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"Now let's keep up the pressure to make sure we Save Your Internet!".

In Spain, Italy and Poland, an explanatory, protest statement about the upcoming vote came up when the online encyclopeead of the usual web page on whatever celebrity, legal case or historical event users had searched for.

They refused to give Voss a negotiating mandate. But several dozen MEPs drew on the rarely-used Parliament rule number 69c to challenge the committee decision.

"We're talking about the major U.S. platforms like Google and Facebook that have been making huge profits at the cost of European creatives". Civil liberties campaigners and internet companies argued that it would lead to platforms like Youtube censoring uploads and possibly removing an excessive amount of content that they find to be copyright infringement. "We welcomed the support of the government", said Codogno.

Conversely, Open Rights Group leader Jim Killock congratulates the EU Parliament for its recognition that "machine censorship of copyright material is not an easy and simple fix".

The so called "link-tax" (Article 11) would also prevent online content-sharing platforms and news aggregators sharing links without paying for them.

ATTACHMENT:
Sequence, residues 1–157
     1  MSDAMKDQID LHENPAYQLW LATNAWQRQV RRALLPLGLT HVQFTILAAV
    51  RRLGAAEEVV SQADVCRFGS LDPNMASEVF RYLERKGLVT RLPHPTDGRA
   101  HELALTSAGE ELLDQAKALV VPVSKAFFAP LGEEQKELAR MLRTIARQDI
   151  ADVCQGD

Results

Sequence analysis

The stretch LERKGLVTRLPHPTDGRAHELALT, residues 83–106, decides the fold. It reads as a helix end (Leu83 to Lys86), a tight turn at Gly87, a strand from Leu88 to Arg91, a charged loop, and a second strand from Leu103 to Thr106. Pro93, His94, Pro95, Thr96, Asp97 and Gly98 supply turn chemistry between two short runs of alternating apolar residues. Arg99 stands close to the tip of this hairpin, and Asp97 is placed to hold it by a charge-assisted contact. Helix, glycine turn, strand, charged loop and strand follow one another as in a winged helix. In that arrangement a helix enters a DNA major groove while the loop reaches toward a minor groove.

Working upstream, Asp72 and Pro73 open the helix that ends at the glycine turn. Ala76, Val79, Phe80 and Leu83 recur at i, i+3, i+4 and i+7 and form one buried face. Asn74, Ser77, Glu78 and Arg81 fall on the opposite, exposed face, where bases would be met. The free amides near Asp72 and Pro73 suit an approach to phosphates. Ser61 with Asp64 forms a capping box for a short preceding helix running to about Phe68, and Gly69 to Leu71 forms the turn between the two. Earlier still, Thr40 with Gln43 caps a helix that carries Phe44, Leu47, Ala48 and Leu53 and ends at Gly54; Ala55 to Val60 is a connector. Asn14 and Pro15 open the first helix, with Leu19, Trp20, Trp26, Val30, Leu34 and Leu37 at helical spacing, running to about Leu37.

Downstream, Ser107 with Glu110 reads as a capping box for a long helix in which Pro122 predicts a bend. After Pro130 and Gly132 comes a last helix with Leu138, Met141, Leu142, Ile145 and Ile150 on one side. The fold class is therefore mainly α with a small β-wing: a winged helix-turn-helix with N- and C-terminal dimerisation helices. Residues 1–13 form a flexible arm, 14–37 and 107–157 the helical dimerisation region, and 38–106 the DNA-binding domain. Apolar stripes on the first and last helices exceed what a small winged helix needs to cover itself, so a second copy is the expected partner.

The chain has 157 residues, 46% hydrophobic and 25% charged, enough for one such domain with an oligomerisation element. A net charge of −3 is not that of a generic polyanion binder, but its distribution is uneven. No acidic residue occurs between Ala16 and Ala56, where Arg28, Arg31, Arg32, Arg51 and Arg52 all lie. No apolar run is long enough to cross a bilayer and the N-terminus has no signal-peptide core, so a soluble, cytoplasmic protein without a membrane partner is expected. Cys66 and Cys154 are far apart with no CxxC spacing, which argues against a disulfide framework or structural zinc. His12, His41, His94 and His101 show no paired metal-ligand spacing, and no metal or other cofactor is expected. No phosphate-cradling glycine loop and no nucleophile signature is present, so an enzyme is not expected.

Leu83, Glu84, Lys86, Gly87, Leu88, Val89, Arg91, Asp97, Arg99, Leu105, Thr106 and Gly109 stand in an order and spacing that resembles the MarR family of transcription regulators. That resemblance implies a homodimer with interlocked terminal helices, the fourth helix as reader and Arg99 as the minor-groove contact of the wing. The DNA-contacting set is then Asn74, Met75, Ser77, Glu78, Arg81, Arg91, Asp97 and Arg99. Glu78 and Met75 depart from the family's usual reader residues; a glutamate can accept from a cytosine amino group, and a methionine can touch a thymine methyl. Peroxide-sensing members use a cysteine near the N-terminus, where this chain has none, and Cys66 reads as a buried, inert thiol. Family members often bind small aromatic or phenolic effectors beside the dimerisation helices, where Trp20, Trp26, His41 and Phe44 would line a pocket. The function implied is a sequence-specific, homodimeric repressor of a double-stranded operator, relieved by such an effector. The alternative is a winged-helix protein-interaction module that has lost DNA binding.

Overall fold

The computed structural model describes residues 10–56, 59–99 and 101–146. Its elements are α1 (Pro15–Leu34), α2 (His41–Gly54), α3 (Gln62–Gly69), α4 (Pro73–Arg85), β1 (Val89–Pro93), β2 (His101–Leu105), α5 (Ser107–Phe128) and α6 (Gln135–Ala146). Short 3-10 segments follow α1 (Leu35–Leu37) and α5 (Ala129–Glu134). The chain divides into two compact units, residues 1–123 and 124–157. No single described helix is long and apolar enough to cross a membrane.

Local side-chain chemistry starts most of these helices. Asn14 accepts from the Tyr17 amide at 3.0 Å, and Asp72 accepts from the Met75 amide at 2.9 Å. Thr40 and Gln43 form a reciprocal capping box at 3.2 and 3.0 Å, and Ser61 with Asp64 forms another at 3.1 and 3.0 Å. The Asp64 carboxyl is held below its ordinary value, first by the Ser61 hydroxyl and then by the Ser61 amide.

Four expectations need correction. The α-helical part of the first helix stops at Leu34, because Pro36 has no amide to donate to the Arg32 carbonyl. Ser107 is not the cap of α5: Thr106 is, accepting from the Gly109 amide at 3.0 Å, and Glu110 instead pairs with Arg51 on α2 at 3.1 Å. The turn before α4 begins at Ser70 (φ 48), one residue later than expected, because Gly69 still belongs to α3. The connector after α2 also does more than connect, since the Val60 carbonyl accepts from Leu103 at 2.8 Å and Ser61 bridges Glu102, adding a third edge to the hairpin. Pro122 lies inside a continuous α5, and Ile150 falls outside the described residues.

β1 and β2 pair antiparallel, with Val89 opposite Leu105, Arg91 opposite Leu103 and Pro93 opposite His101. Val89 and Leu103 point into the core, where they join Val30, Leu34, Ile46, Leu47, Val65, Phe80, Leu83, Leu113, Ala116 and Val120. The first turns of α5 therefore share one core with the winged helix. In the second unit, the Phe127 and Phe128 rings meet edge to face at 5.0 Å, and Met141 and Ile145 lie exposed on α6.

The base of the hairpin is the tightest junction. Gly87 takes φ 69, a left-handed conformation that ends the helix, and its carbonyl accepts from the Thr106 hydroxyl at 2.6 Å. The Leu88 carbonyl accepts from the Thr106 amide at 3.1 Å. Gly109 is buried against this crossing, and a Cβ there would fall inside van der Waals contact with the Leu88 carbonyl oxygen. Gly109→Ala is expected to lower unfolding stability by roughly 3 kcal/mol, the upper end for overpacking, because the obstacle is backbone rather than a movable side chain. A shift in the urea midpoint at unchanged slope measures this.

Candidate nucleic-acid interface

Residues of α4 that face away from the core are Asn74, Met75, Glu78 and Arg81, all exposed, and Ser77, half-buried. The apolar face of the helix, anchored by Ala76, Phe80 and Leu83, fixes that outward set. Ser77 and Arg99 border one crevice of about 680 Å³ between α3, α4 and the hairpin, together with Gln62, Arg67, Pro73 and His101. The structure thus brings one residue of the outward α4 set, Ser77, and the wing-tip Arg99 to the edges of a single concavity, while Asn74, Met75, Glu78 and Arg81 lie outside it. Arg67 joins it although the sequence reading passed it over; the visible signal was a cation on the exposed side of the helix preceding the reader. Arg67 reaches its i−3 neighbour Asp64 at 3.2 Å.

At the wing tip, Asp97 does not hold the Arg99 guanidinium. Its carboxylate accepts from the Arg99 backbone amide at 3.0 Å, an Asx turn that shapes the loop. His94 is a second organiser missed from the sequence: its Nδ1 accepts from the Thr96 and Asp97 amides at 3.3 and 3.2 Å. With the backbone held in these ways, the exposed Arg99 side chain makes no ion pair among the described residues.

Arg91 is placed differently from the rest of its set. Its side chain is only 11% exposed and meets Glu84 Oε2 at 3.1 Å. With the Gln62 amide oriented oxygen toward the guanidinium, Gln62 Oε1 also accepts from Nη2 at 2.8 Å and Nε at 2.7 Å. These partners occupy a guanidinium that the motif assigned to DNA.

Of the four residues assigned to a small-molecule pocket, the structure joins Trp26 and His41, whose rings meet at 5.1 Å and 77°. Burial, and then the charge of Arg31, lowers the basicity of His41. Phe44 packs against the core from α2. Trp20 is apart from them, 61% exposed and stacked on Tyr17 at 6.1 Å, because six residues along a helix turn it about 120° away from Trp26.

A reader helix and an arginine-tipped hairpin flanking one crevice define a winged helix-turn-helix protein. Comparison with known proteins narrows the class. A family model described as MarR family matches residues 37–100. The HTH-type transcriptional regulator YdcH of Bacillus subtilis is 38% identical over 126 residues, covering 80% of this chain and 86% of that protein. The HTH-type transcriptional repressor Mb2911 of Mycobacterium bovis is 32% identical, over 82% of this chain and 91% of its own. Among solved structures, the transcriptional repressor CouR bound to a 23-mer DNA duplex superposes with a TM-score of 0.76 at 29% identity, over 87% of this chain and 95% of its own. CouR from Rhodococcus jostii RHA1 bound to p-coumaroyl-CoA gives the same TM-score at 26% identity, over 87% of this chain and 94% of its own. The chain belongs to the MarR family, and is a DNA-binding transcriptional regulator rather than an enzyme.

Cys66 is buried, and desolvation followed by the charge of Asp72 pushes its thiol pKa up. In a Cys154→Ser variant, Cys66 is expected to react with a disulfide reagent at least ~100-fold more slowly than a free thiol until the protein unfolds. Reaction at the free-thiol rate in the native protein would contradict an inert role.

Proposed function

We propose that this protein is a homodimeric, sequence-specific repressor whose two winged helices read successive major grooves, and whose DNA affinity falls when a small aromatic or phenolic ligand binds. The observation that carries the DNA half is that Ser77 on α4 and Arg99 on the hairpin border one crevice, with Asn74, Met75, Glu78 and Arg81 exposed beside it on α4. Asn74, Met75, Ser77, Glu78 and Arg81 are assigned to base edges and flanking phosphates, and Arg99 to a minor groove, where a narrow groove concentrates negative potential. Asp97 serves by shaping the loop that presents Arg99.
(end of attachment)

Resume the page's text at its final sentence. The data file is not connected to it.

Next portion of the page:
Colombian petition to Federation Internationale de Football Association attracts 200000 signatures
The 36-year-old retired from global football after Euro 2016 but remains Sweden' record goalscorer with 62 goals in total. By now, anyone still mentioning England in this vein in conversation deserves to be asked how long their coma lasted.

The online information hub was joined by 70 computer scientists, including creator of the world wide web, Tim Berners-Lee, 169 academics and 145 human rights, press freedom, and scientific research organizations in a letter of condemnation of the proposed law.

But two articles (the 11th and 13th) in the draft sparked criticism among many deputies. "We can not stop the public pressure now". Julia Reda, a Pirate Party MEP who had campaigned against the legislation, wrote on Twitter.

Two weeks ago, European Parliament sent the media world into a frenzy by pushing legislation that threatened to dismantle the internet as we now know it.

The issue will return on the plenary agenda in September.

This also means that the race is on for lobbyists to convince MEPs that are not necessarily experts on copyright or how the internet works.

The passing of GDPR, which was a much tamer regulation in comparison and was highly supported by internet users but not so much by advertising companies, has shown that foreign companies are already on the edge about continuing to support European Union citizens on their sites.